One of the joys of archives and archival work is the opportunity the collections offer to explore the great variety of human invention and artistry across both time and space, as well as the ways in which common ideas and images endure through different cultures and generations.
As people all around the world begin their celebrations of Advent, this month we delve into the many intriguing variations in our collections on one of the most enduring of Christmas images – the Nativity.
From the origins of the story of Jesus Christ’s birth in the world of first century Palestine, to Western Europe and North America, and across the globe in India, China, and the Philippines, a review of just a few of the images of the nativity held by the Buswell Library Archives & Special Collections demonstrates the many ways the Christmas story has been reflected and reimagined in a myriad of different times and places.
One of the older nativity scenes in our collections is an 1867 print originally published by the American lithograph firm, Currier & Ives. This image of “The Birth of our Saviour” comes from Special Collection 233: Sacred Arts Collection, an extensive collection of books, pamphlets, and artwork depicting early American Christianity and religious life.
Before the advent of widespread photography, Currier & Ives’ lithographs were a popular source for images of then current American life, events, and interests. Known for their bold and direct style with clean lines and colors, the prints were widely used in illustrated newspapers or as artwork in many nineteenth century American homes.
One of the richest collections for images of the nativity in the Archives is Collection 636: Ephemera of Religious Postcards. This collection consists of many hundreds of postcards, all related to evangelism or American religious history, some with messages, others unsent.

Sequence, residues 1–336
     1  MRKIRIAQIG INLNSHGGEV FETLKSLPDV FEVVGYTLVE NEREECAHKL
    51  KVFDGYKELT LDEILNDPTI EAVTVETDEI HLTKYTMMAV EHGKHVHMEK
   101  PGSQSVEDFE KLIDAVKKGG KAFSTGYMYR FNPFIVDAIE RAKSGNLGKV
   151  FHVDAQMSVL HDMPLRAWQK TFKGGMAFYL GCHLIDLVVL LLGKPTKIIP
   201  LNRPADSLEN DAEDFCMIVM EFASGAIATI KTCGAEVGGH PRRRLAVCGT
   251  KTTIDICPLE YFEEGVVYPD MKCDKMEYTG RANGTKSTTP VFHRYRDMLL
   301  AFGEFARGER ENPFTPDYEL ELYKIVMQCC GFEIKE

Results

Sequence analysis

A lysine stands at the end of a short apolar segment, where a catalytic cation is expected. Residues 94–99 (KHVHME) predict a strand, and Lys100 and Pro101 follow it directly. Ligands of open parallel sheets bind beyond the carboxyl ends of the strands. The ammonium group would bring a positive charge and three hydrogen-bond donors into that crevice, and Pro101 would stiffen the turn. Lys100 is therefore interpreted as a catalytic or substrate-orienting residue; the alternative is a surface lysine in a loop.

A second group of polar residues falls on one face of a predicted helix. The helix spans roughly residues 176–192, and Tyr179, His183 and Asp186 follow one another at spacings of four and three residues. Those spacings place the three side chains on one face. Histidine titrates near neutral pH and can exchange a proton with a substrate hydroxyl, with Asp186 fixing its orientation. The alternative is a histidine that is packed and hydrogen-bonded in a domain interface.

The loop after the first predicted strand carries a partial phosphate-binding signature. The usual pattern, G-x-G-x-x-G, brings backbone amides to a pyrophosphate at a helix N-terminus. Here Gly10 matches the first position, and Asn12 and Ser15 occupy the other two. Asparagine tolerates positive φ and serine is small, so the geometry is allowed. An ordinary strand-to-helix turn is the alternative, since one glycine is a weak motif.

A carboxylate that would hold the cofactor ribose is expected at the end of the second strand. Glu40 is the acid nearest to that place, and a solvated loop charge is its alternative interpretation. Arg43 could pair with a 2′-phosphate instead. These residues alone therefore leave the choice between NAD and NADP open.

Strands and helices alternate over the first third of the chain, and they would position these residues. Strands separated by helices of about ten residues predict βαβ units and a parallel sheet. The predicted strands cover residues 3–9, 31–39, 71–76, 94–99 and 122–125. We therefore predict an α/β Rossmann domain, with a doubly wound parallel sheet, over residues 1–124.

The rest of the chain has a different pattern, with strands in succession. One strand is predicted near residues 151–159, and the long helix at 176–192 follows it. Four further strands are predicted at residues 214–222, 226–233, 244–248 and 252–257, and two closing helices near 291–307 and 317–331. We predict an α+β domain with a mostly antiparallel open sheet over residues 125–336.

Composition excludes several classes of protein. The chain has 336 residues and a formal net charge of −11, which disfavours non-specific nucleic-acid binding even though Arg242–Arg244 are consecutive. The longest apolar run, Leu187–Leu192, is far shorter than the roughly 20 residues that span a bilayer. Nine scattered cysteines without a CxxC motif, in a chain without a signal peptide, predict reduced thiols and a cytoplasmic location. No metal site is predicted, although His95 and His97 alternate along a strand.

Taking advantage of the new opportunities for artistic communication offered by the development of photography throughout the nineteenth century, these two nativity postcards capture a more modern expression of the very old story.
Created sometime between 1900 and 1915, the images show an evolving interaction between new technologies and the traditional European artistic renderings of the nativity scene. The creators of the postcard on the left also employed some additional editorial creativity, adding color and other illustrations to an originally monochromatic photograph.
Beyond innovations in style, these nativity scene postcards likewise demonstrate innovations in communication. Itself a new medium for mail, introduced only in the last two decades of the nineteenth century, early postcards prohibited any communication on the address side of the card, requiring all messages to be scribbled around the front image. Only in the early years of the twentieth century were the divided line message/address postcards introduced and popularized. Note the brief instruction on the card above specifying the newly allowed conversational use of the address side.